Bill’s Indie Basement (2/21): the week in classic indie, college rock, and more
This week in the Basement: alt/psych legend Julian Cope has still got it on his 35th solo album; we lost DJ/producer Andrew Weatherall this week but he left us with a killer new single; Olympia, WA duo Daisies set indiepop tunes to sliced-up drum-n-bass beats; the late Ed Ackerson’s final project, Capricorn One; Spinning Coin make jangly shambolic indiepop in the great Scottish tradition; and Lithuanian darkwave courtesy of Solo Ansamblis.
Need more new album reviews? Andrew looks at Moses Sumney, Lee Ranaldo, Grimes and more in Notable Releases. Other records I liked this week but am not writing about: King Krule’s Man Alive!, Peggy Sue’s Vices, Guided By Voices’ Surrender Your Poppy Field, and you may only ever listen to Jan St. Werner’s Molocular Meditation (featuring the late Mark E. Smith) once, but it’s worth that one spin.
Also not reviewed here is Afghan Whigs frontman Greg Dulli’s very good solo debut, Random Desire, which I recommend checking out, along with my interview with him from earlier this week.
Anyway, this week’s Indie Basement waits below…
Julian Cope – Self Civil War
The Archdrude aims to “represent the sheer volume of discontent in people’s lives,” plus songs about Facebook and “sippin psilocybin by the side of the river” on this 73 minute psych opus.
At 62, onetime Teardrop Explodes frontman Julian Cope remains an insanely prolific artist and with a handful of different ongoing series and most of his recent output not on digital services, I will admit it is hard to keep up. But the effort is often worth it when it comes to the Archdrude, as fans call him, as even his more esoteric releases — like last year’s John Balance Enters Valhalla, a tribute to the late Coil frontman — are pretty interesting. Julian just released Self Civil War, the closest thing you could call a proper studio record he’s made since 2013’s Revolutionary Suicide, and is apparently his 35th album (!). It’s also the first release in his ‘Our Troubled Times’ series, “a fine temporary refuge from our daily bombardment by media luvvies and fuckhead world leaders who take us all for idiots.” Despite his not undeserved reputation for being “out there,” Cope always seems to have his finger on the zeitgeist.
Self Civil War is, at 13 tracks and 73 minutes, a lot. (“I tried to represent the sheer volume of discontent in people’s lives,” Cope told the BBC’s Marc Radcliffe.) There are cosmic psych jams, krautrock rhythms, mellotrons, cheesy synths, sound effects, mushroom tea folk, sea shanties, ren-fair ditties about norse gods, the terrible things we’re doing to our planet every minute, plus anti-technology parables (“Your Facebook, My Laptop”), and at least a couple songs about drugs. (It would not be that hard to argue that all Julian Cope songs are about drugs.) But it’s all rather charming, with great wit, empathy and no shortage of melody, either. Julian Cope’s well of tunes never seems to run dry and he’s still got great pop songs in him like the organ-driven “Billy.” Meanwhile, his distinct, commanding voice remains in great form and is capable of making lines like “Somebody hacked my Paypal account!” or “I will snort every powder in your handbag” sound regal.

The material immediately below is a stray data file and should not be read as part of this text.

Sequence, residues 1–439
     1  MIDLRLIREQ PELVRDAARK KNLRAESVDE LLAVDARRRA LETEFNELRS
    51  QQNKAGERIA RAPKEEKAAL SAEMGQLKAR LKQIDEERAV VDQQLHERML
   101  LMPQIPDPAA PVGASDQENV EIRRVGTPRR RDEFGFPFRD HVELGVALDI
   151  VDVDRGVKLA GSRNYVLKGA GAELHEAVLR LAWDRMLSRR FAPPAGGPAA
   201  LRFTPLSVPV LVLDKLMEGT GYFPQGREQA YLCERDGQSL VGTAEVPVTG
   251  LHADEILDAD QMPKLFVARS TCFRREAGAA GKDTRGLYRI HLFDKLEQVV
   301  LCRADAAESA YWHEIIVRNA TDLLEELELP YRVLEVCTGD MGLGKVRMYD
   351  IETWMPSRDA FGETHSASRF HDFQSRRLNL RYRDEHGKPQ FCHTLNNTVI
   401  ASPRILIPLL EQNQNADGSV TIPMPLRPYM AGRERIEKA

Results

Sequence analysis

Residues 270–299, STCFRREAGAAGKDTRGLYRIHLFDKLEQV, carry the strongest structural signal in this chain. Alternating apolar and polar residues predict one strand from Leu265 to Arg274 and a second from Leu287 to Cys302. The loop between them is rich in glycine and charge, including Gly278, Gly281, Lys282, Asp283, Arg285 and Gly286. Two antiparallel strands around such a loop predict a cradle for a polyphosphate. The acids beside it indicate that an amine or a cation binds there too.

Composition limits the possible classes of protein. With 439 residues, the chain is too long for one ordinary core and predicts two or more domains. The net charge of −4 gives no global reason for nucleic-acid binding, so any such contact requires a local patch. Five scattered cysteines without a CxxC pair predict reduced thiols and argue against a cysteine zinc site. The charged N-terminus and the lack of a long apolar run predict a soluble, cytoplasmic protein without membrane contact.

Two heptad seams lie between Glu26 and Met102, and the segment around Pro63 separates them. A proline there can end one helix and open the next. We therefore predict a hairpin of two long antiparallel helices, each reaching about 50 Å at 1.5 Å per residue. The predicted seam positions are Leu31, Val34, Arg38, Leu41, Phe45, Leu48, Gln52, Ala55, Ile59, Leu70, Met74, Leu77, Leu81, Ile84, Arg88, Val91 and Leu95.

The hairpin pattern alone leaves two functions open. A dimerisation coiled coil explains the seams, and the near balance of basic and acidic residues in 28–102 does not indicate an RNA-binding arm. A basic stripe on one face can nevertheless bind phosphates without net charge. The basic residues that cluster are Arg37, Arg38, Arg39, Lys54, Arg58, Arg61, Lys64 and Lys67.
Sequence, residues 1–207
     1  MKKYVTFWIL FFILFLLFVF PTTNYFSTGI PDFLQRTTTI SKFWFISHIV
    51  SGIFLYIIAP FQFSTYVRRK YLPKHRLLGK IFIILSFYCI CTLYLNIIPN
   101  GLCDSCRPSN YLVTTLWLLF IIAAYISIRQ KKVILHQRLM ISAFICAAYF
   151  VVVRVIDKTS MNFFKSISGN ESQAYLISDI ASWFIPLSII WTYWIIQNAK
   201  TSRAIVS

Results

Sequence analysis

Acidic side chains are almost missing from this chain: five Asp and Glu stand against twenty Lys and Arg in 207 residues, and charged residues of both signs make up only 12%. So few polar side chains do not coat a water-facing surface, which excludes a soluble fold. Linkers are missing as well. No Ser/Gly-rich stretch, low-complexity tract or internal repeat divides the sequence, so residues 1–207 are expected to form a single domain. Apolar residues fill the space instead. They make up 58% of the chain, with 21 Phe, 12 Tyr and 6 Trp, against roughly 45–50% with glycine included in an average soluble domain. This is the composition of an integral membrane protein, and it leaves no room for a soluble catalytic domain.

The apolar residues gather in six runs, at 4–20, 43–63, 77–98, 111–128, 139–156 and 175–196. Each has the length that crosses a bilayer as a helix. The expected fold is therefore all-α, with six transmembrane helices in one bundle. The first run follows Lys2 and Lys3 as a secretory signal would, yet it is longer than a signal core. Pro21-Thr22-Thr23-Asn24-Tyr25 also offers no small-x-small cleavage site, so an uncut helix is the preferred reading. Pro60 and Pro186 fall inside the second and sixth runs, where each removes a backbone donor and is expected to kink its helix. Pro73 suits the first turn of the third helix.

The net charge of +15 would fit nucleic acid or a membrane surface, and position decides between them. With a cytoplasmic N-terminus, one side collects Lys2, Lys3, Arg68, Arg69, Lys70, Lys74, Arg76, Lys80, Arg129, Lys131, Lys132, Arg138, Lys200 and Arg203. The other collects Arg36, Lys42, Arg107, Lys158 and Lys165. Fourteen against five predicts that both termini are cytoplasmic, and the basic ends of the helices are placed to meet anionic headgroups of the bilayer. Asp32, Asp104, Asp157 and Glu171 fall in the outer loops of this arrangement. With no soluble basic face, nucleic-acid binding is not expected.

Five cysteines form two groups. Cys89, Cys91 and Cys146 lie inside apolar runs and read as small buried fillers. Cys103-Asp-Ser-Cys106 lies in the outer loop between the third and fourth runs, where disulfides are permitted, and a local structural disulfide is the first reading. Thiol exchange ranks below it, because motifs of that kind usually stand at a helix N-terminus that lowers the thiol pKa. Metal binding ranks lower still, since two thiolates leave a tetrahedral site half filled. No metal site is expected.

Self Civil War is not on streaming services, but you can check out “Berlin Facelift” (about the VW emissions scandal) and “Immortal” (about doing Cope-ious amounts of drugs), via YouTube:
Andrew Weatherall – “Unknown Plunderer” 12″
We lost the great Andrew Weatherall this week and this brand new single shows he was still at the top of his game.
DJ and producer Andrew Weatherall, who unexpectedly died on Monday, had a huge impact on popular music over the last 30 years. Beginning with Happy Mondays and Primal Scream, Weatherall really understood how to connect rock, dance music and dub in a way that felt organic, exciting, and new. While his heyday was the ’90s, he continued to produce, remix, DJ and remain a creative force while rejecting the superstar DJ route (unlike Paul Oakenfold with whom he worked on Happy Mondays’ “Hallelujah”). In the last couple years his remix credits included tracks by Peggy Gou, Tracey Thorn, Confidence Man, Noel Gallagher and, very recently, he produced Jah Wobble & Mark Stewart’s anti-Brexit single.
Weatherall also made music himself, as part of Sabres of Paradise, Two Lone Swordsmen, The Asphodells (to name three) and under his own name. Sad timing, but this new 12″ released today shows Weatherall was still at the top of his game. Opening with satellite pings and embellished with sound effects, “Unknown Plunderer” sounds beamed in from outer space, offering up a mellow, funky groove with lots of headroom. This is Weatherall’s sweet spot — chill but danceable — that’s he’s been working in since Primal Scream’s “Loaded.” Amid the cosmic wooshes there’s the kind of “wub wub” deep bass you can feel in your spine and a very cool guitar riff woven throughout by Ride’s Andy Bell. The b-side, “End Times Sound,” is even dubbier with more of Bell’s guitar and echoey melodica.
There are a couple of cool remixes as well: the Radioactive Man remix drops the track down an electronic well that is icy and claustrophobic, while the Manfredas Remix is sleek and more distinctly clubby.